I have seen some crazy things when it comes to study interpretation but this one may take the cake. The full article is here, but here are the high points:
The study looked at weight loss in post-menopausal women during and after a five month diet. They found that:
- the women lost about 12% of their body weight
- within a year more 3/4 of the women had regained their weight (some having gained more than they lost)
- the weight that they lost was twice as much fat as muscle
- the weight that they gained was four times as much fat
To be clear, this study did not include a control group and so they aren’t sure if the proportion of weight regained is because of the dieting, or due to the natural change in body composition over time.
They are sure that, yet again, dieting left most people as fat or fatter than when they started -after one year 75% of the women (and we would expect it to be 95% after two years) were as heavy or heavier, and had more fat and less lean muscle than when they started.
So what does researcher Barbara Nicklas, PhD, professor of geriatrics and gerontology at the Wake Forest School of Medicine say?
I think there are huge benefits to losing weight. When older obese people deliberately slim down, their osteoarthritis improves. They can get up out of chairs and climb stairs more easily. Even if they eventually regain all of the weight, she says, it usually takes a few years to do it.
Ok, there is confirmation bias, which is a bad enough trap for a scientist to fall into, but then there’s sticking your fingers in your ears and yelling LALALALALALALA. I feel pretty strongly that this is the latter – this is a special kind of stupid. First of all, nothing in her data proves that weight loss will help osteoarthritis, stair climbing or getting up out of chairs. But even if it did, this woman really thinks that a “huge benefit” is to have these improvement for a year before you gain the weight back (and then some) while losing muscle mass, thus leaving you in worse condition than when you started for the rest for the rest of your life?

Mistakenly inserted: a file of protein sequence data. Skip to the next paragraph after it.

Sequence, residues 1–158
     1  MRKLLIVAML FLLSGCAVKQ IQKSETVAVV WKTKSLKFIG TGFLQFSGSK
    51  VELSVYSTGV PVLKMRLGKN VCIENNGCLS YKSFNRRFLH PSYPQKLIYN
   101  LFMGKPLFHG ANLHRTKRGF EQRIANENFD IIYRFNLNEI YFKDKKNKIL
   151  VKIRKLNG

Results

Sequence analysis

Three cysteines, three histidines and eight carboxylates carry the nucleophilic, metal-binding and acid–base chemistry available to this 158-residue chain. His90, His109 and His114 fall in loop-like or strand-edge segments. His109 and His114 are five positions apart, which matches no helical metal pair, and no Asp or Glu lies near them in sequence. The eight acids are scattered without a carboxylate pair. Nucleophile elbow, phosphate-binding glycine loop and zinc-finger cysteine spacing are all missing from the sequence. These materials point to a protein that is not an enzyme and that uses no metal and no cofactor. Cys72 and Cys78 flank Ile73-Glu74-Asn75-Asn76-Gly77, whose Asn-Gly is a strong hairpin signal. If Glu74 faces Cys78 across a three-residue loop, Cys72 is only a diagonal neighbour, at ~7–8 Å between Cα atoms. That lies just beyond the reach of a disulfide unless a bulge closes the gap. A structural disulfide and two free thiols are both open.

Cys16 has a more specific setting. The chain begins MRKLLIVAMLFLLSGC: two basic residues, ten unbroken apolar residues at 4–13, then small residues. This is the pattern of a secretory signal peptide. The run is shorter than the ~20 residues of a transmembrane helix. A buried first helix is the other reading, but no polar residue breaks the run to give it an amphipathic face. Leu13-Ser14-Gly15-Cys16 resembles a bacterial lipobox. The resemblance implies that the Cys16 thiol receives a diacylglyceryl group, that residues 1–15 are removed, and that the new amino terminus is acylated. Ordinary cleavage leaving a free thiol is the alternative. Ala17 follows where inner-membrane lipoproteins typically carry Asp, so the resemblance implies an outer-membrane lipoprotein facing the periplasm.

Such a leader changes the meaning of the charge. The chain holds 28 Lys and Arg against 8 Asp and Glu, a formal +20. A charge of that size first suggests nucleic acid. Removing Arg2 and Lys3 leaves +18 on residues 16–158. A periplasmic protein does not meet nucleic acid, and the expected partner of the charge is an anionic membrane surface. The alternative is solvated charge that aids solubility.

You know what helps people get up out of chairs and climb stairs more easily? Movement and increased strength (of which weight loss is a possible, but likely temporary, side effect). You know what doesn’t help getting out of chairs, climbing stairs, or osteoarthritis? Being heavier than you were a year ago with less muscle mass. Would we give someone medication that prevents heart attacks for a year and then INCREASES their heart attack risk for the rest of their lives? Would you take birth control that had a near 100% success rate for the first year but then made you MORE likely to get pregnant for the rest of your life?
Nicklas also notes that “There are a few very vocal geriatricians who are totally against an older person losing weight,” Which is to say that, apparently, there are only a few geriatricians who posses both a basic understanding of human anatomy and the ability to do very simple math.
The title of this article is “If Postmenopausal Women Lose Weight, They’re Better Off if They Keep It Off” Which is the equivalent of saying “If Postmenopausal Women are in a Plane Crash, They’re Better Off if They Can Fly.” Nothing in the study suggests that the researchers have the slightest clue how to keep these women from regaining their weight, only that when they regain it, they may be gaining fat and losing lean muscle. Were we not so entrenched in a weight loss paradigm, a more reasonable title would be “Study Shows that Weight Loss Attempts May Not be Beneficial in Post Menopausal Women”. Somewhat unbelievably that would likely be controversial, but the ridiculous conclusion that “there are huge benefits to weight loss” is what we expect to hear despite no actual benefits being proven by this research.
I’m not just talking about this because I love a good rant (although I do). I say it because this is the kind of thing that gets picked up by the media with the headline “Huge benefits to losing weight in later life, says researcher”. We have to remember to keep a very critical eye and ask questions because people are very seriously entrenched in the weight loss paradigm and clear evidence, even evidence that they created, cannot always shake their belief in the mystical, magical power and likelihood of weight loss.
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